A determined icy wind flew through the doors and up my skirt, attacking my most vulnerable parts. My entire body shuddered and I looked at my watch. I should have worn warmer clothing, but the glow of summer was still on autumn…during the day. My fingers were stiff. My stomach gurgled, for I hadn’t eaten dinner. No one offered me a cup of coffee, and although the doors were continually opening with people streaming in, I felt invisible. I was alone, tired, hungry, and cold. I was at a book signing at a major bookstore.

Oh, wait! Someone is coming through the door, heading my way.
        “Hi, do you know where the children’s department is?”
Oh, wait! Someone is grimacing and coming through the door, heading my way.
        “Hi…you must be cold…have a good evening.”
Oh, wait! Someone is smiling coming through the door, heading my way.
        “I love the cover…who did your cover?”
I answer, but then stay quiet while she reads the back of the book, not wanting to appear eager.
        “Interesting…hmmm…have a great evening.”
And most annoying,
        “Do you know how I could get my book published?”

The store manager had forgotten to order my second book, Hope in New York City and so I sat with copies of my first book, The Irish Dresser. At 9:00 p.m., I packed up my books and fairy dust and drove home. I had sold one book for $7.95. Car tail lights, street lights, and signal lights turned into giant shimmering Christmas tree bulbs as I gripped the wheel. It wasn’t a celebratory visual because the disappointment sitting in my heart at the bookstore was now perched precariously in my eyes. I was swerving sharply to avoid the potholes of discouragement, and feared if the tears spilled out, I would crash.

After some publishing experiences and receiving numerous rejections, my first book, The Irish Dresser, was published in 2004. There were a few good reviews and a few good book events and then my second book, Hope in New York City, was published. There were more good reviews and many more good book events. One never knows. At some events, I will sell twenty, but at other events, just one or none. Twice, I have had a long line with the store manager holding the book open for me to sign. On this particular chilly evening, I wasn’t really thinking about The Irish Dresser and Hope in New York City. I was expectant with my third book, NORAH, The Making of an Irish-American Woman in 19th Century New York. This baby was well past due date, or I just felt this because there was another story imploring to be conceived. I was exhausted and weary from caring for the two older children and burdened with the gravid full term work that is over 400 pages. These were some of the responses I was receiving from publishers:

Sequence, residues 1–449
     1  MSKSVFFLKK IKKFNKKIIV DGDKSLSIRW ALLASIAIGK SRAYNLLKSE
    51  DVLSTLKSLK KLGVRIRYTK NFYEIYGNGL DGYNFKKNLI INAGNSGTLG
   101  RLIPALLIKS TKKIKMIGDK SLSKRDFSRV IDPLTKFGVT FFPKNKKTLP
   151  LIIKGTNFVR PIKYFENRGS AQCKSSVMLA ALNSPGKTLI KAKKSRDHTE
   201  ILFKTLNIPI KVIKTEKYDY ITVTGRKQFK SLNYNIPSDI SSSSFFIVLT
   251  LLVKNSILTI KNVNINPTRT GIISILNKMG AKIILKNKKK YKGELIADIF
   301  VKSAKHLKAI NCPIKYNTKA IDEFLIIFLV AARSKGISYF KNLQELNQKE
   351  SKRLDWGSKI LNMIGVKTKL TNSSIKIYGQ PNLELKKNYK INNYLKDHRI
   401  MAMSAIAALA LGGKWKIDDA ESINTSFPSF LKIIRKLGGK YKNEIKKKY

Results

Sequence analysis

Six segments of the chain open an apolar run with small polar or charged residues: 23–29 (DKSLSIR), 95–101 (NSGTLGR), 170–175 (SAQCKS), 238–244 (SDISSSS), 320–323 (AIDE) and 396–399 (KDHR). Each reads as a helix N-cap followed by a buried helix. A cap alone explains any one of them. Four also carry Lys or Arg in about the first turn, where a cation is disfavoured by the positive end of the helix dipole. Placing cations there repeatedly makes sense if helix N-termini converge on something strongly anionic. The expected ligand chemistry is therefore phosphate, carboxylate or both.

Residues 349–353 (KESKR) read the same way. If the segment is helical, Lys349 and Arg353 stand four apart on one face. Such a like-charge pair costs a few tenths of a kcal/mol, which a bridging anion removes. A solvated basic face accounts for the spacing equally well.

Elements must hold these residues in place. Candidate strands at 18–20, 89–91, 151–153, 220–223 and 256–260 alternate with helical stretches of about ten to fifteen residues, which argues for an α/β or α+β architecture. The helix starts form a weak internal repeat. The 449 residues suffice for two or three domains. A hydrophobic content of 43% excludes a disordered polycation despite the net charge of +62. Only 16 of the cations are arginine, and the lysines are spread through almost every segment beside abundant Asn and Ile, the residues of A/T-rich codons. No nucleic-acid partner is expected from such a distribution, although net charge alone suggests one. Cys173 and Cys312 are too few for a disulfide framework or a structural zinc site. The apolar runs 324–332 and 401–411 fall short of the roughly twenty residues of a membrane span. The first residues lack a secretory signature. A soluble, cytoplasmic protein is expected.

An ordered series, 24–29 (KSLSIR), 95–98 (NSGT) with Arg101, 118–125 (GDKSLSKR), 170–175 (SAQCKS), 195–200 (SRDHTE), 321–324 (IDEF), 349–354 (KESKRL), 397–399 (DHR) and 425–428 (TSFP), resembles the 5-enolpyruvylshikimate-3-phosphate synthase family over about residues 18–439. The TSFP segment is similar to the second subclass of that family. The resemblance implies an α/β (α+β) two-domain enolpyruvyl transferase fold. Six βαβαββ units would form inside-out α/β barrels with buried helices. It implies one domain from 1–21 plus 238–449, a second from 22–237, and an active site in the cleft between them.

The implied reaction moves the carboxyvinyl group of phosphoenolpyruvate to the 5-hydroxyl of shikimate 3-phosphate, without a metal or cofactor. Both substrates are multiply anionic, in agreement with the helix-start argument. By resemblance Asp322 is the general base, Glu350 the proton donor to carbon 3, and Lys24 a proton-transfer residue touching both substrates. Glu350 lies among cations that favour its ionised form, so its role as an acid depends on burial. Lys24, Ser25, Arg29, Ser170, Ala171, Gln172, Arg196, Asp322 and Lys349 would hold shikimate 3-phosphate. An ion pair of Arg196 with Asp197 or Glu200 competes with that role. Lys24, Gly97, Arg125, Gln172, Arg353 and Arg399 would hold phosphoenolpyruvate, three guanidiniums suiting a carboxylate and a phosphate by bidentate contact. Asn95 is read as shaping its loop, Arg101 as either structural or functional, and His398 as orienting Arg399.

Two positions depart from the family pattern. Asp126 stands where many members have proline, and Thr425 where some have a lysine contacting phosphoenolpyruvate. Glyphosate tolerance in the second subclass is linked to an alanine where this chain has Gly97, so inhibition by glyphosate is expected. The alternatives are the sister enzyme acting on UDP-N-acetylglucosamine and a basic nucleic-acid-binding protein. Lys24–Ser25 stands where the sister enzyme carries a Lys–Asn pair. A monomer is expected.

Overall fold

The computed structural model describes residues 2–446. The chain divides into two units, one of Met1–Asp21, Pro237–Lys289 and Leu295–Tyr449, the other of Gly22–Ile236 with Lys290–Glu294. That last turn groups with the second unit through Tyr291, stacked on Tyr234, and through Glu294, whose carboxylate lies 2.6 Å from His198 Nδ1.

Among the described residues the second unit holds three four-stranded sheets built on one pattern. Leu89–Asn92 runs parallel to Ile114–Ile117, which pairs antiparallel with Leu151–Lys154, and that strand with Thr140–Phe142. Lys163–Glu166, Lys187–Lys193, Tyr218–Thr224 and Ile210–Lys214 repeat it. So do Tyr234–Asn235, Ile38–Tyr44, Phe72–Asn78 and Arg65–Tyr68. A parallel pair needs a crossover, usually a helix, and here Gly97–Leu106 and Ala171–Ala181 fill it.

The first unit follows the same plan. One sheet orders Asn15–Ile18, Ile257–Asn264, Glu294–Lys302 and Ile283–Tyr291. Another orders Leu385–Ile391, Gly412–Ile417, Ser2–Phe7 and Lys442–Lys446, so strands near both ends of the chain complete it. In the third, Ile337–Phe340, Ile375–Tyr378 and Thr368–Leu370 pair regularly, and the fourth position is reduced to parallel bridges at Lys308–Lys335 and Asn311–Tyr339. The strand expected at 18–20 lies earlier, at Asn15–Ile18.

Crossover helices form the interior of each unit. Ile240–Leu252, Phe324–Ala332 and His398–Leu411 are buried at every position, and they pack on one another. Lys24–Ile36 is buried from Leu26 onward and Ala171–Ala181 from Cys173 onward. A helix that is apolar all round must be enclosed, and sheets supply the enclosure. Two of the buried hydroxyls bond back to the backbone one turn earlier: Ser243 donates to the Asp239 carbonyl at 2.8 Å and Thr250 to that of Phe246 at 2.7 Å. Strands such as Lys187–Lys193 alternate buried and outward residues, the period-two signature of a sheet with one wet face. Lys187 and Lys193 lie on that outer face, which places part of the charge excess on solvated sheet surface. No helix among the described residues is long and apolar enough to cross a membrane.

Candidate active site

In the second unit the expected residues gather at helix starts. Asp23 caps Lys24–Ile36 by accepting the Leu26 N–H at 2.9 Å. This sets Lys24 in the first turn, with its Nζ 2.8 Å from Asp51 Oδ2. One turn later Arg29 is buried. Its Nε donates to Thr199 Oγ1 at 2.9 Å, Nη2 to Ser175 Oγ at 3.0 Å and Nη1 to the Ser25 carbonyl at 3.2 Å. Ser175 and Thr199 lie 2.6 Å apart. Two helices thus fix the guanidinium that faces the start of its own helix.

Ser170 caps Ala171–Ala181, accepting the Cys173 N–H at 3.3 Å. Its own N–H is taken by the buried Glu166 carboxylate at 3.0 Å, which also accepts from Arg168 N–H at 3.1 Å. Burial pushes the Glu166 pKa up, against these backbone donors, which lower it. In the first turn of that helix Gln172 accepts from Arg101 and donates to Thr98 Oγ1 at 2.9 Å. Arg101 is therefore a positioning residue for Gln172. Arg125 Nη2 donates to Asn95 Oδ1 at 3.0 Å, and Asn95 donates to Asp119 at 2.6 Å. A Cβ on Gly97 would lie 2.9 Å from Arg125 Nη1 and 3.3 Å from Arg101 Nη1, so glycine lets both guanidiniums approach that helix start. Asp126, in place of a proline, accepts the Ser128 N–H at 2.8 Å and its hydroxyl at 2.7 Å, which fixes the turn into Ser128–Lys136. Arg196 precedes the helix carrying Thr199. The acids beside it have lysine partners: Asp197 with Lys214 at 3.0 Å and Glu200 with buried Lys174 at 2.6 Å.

Dear Author:

  • “Thank you very much for your query. Unfortunately, your project is not right for us at this time. We wish you the very best of luck with your work.”
  • “Although this seems to be an interesting work, it is not quite right for our current needs. We wish you luck with this book.”
  • “…I’m sorry to say I won’t be pursuing representation at this time, but I wish you all the luck…”
  • “We were intrigued by this premise, but due to our extensive client list…we are unable to offer you representation at this time. Our best wishes for your good luck…”
  • “We were especially impressed with the historical accuracy and the delightful, colorful dialogue, but we are sorry to say that we must pass on this project…I wish you the best of luck…”
  • “Unfortunately, I didn’t make a connection with your work…best of luck…”
  • “…but I do wish you luck in finding a publisher as this sounds very interesting.”
  • “not our scene…” (no luck here!)

My favorite (if it is really possible to have a favorite) is “not our scene” because it comes from the publisher, lilliput. No capital letters or complete sentences in the reply to my query. I imagine they’re named after ‘lilliputian’ whose definition is small and petty. Whew! Am I glad I didn’t get lured in by them!

I was given so much luck from all these publishers, it just had to be that I would eventually encounter a Brobdingnagian, one of those giants in Gulliver’s Travels, or one of those publishers in New York City. As luck would have it, I signed a contract with Lucky Press, LLC in July 2010. Norah will be released on March 1, 2011, just in time for the luck of the Irish and St. Patrick’s Day.


About cynthianeale

My fourth novel in The Irish Dresser Series, The Irish Milliner, is being released by Fireship Press on June 2, 2017. The third book in the series is 'Norah, The Making of an Irish-American Woman in 19th Century New York,' (Fireship Press)) and two young adult historical fiction novels, 'The Irish Dresser' and 'Hope in New York City.' I have also written plays, essays, and short stories. I am a native of the Finger Lakes region in New York and now reside in New Hampshire. What do I especially enjoy? Reading, writing, Irish set dancing, waltzing, walking, learning about nature, some traveling, Irish sean nos dancing, art classes and painting, baking fanciful desserts, kayaking, growing flowers, creating events for food, dance, and fund raising, laughing until it hurts, and dreaming about possibilities.
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2 Responses to Luck

  1. Luck occurs most often when people apply themselves persistently to achieving a particular goal. Scientists should examine why this happens.

    Cynthia is not only talented, but she applies herself all the time to achieving her goals. Funnily enough, she has succeeded where others failed.

    Kind of spooky, that.

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